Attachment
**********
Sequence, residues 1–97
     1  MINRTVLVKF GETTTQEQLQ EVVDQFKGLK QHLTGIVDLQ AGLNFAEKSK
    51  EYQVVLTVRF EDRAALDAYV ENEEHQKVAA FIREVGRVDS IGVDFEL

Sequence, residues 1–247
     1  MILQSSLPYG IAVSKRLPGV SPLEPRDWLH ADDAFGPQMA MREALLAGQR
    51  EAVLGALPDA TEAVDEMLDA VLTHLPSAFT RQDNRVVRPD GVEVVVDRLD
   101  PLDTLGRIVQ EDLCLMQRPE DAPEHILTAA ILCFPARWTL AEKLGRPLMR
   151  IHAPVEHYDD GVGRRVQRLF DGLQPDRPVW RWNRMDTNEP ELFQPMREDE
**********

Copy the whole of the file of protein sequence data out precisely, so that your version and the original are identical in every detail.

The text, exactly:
Sequence, residues 1–97
     1  MINRTVLVKF GETTTQEQLQ EVVDQFKGLK QHLTGIVDLQ AGLNFAEKSK
    51  EYQVVLTVRF EDRAALDAYV ENEEHQKVAA FIREVGRVDS IGVDFEL

Sequence, residues 1–247
     1  MILQSSLPYG IAVSKRLPGV SPLEPRDWLH ADDAFGPQMA MREALLAGQR
    51  EAVLGALPDA TEAVDEMLDA VLTHLPSAFT RQDNRVVRPD GVEVVVDRLD
   101  PLDTLGRIVQ EDLCLMQRPE DAPEHILTAA ILCFPARWTL AEKLGRPLMR
   151  IHAPVEHYDD GVGRRVQRLF DGLQPDRPVW RWNRMDTNEP ELFQPMREDE